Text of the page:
‘Come out of the night’ is also an ode to the fighting spirit of his mother, who raised Calabresi’s three children, the youngest born after his murder, which took place when his young wife was only three months pregnant.
“Forgiveness has been my mother’s path, but I believe that it cannot be a group or institutional process; it is a private and intimate tour. I myself and other relatives have advocated for a journey of pacification and the construction of a shared memory, as far as possible”, he affirms, and one way of doing so has been by transmitting the memory of the “years of lead” in talks with students, for example.
“This book can be a way of reflecting on this subject, on the consequences of terrorism and how to get out of them: that’s why it’s called ‘Leave the night’” – the literal translation of the Italian title is ‘Push the night beyond’ -.
Calabresi has worked with relatives of victims of terrorism and they have supported each other, but he says that family associations “have never been very strong or organized, and have always been in charge of more practical issues” with regard to institutions, such as collection of pensions.
Despite the difference between the attacks by the Red Brigades or ETA or the Islamists, “the consequences are the same: terrorism, of any type and latitude, leaves destruction, pain, people who often feel alone, forgotten and abandoned. So, if we want there to be a season of overcoming and pacifying, we must take charge and take care of the most fragile people who have paid the highest price”, that is, the victims and their relatives.
How to get out of the night?
“I think that to get out of the night all those who shared the idea of terrorism must abandon their weapons and the armed struggle, and rejoin the democratic game”, he affirms in relation to the parties that are linked to violent groups of the past or that they have sprung from these after their conversion.
In the case of Spain, he considers that “it is positive for a democracy that the world of ETA has become a political group, but there is a red line: the fact of having been convicted of blood crimes.” “Whoever has killed should have the sensitivity to stay behind, not to run for public office. He can be active in society in other ways, he can try to rebuild, heal the wounds, but having killed and wanting to represent citizens is a very strong idea, even if the law allows it, ”he adds.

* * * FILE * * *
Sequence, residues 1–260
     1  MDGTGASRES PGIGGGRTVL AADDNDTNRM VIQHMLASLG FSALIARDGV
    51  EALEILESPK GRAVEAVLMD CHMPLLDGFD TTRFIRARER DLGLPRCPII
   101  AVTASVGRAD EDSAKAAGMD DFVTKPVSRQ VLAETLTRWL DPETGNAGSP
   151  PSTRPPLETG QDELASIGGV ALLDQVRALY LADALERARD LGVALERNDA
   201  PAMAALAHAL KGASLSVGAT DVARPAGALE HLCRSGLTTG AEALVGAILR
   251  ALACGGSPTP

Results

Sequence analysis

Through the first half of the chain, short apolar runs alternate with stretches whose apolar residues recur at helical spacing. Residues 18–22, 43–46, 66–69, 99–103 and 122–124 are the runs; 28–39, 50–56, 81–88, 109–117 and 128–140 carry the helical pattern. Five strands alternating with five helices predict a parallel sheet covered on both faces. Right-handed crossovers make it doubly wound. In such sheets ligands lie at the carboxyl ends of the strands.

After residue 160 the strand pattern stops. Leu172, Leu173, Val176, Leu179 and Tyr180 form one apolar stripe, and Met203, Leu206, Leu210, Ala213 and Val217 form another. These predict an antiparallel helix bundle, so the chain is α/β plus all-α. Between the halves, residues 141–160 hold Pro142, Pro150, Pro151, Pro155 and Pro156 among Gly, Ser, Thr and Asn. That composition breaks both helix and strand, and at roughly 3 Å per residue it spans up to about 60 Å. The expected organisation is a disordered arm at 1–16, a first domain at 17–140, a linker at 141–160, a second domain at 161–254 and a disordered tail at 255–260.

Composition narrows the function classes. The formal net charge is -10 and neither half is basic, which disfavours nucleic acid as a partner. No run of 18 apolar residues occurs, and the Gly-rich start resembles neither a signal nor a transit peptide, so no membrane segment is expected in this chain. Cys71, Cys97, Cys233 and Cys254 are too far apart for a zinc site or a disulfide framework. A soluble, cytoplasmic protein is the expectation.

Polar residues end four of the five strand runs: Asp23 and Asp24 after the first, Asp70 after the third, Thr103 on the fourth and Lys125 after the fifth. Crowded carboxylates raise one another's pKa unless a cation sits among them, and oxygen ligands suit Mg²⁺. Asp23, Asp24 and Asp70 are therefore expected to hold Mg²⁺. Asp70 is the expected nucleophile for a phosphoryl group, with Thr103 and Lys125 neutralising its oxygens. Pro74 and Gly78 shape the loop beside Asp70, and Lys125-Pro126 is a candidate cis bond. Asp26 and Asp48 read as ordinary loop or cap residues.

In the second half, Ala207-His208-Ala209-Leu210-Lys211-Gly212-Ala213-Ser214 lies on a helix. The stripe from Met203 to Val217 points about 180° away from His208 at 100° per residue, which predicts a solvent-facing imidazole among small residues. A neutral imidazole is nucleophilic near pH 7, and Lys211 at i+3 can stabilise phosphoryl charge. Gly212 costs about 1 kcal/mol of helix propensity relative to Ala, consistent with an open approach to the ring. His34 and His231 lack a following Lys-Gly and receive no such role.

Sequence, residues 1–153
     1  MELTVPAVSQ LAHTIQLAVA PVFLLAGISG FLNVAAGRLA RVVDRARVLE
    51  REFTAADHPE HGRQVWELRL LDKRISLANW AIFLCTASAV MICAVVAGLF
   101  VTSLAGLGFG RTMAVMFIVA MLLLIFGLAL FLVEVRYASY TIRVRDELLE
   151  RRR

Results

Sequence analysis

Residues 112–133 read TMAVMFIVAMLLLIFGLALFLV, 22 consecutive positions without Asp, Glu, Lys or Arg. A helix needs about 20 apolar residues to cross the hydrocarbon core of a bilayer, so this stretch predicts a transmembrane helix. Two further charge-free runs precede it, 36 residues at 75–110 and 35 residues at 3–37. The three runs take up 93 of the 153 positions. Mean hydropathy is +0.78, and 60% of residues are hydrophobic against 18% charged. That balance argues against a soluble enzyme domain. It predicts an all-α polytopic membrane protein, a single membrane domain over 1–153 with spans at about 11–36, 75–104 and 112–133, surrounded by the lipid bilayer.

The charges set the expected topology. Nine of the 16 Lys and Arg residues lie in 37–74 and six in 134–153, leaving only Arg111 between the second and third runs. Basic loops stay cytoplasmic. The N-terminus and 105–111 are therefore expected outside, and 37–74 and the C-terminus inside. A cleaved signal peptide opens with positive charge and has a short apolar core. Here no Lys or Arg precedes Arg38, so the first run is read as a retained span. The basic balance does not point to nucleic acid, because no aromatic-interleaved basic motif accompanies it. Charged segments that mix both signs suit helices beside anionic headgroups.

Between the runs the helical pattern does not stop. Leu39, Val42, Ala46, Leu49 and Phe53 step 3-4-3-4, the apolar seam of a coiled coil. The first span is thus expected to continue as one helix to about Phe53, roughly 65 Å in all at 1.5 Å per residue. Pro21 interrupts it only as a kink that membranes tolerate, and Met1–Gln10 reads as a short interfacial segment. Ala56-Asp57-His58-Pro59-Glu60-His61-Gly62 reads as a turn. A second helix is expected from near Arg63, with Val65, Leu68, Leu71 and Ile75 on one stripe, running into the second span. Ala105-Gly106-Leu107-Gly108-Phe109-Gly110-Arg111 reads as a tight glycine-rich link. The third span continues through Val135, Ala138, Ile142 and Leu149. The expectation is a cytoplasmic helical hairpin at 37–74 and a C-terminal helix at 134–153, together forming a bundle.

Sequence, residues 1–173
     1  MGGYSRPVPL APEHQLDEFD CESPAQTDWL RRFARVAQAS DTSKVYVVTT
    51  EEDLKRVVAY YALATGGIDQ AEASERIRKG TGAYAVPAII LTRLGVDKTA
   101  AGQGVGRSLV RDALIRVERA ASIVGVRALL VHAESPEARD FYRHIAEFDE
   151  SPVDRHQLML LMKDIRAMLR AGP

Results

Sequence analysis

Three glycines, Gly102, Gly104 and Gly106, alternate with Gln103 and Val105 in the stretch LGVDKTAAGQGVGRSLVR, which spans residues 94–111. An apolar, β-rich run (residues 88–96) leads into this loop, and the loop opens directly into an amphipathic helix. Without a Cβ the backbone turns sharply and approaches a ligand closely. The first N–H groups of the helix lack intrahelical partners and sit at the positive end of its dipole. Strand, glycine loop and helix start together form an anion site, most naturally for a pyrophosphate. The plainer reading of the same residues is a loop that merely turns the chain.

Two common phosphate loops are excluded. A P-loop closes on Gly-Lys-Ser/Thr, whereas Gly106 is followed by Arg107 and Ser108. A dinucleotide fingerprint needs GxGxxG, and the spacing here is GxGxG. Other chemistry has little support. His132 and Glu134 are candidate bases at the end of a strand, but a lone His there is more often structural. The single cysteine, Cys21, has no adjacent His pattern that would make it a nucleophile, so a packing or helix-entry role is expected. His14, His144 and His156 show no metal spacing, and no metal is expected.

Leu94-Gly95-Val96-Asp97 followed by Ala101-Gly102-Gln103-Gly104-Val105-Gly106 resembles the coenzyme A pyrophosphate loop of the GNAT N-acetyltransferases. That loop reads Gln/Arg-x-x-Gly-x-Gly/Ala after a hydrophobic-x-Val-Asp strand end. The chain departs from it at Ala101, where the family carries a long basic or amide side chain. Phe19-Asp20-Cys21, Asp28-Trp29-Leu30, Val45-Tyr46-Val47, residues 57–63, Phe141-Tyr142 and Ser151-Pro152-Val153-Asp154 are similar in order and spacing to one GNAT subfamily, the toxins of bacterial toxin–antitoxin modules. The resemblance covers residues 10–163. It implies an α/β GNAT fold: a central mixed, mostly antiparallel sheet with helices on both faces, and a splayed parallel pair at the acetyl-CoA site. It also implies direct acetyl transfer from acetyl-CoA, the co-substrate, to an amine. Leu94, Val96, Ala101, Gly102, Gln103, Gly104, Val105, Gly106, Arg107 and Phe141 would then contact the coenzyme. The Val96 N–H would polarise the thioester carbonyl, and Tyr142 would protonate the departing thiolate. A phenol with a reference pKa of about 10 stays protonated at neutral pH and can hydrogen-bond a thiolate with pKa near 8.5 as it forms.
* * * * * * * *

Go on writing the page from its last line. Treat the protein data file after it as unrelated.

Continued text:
He reiterates that “the consequences of having killed are forever, they do not disappear. Just as the suffering caused continues over time. And he believes that this type of behavior is “incendiary” and cannot occur “if a pacification is wanted” in society.
However, Calabresi – who remembers how an ex-terrorist was elected secretary of the Italian Chamber of Deputies in 2006 – believes that these issues should not be used as a throwing weapon in the political debate: “There must be a sense of State and institutional. The reaction to that cannot be to outlaw the party, because if we tell it that it has no place in the political game, the only way is violent subversion.” And he affirms that those “red lines” to which he refers “must be in the collective conscience and cannot be established by law.”
Although there are very clear red lines in the Italian Constitution regarding fascism, because it was drawn up after World War II, there are none in relation to terrorism. “Italy had to reckon with fascism and it took a long time, and even now everything is not in its place – with the new government, there are debates, discussions, tensions”, he comments. “Then he had to deal with terrorism,” explains the journalist, who believes that progress has been made thanks to two presidents of the Republic (Carlo Azeglio Ciampi, 1999-2006, and Giorgio Napolitano, 2006-2015) who recognized the suffering of the victims and took care of them.
In his opinion, “Spain has not yet made its peace with the post-Franco regime and with terrorism”, because they overlapped in time. And proof of this, according to Calabresi, is the “nostalgia for Francoism, which was a dictatorship.” He considers that this nostalgia for the dictatorship is greater in Spain than in Italy and adds: “We would be wrong if we interpreted the victory of Giorgia Meloni (in the general elections last September) as nostalgia.”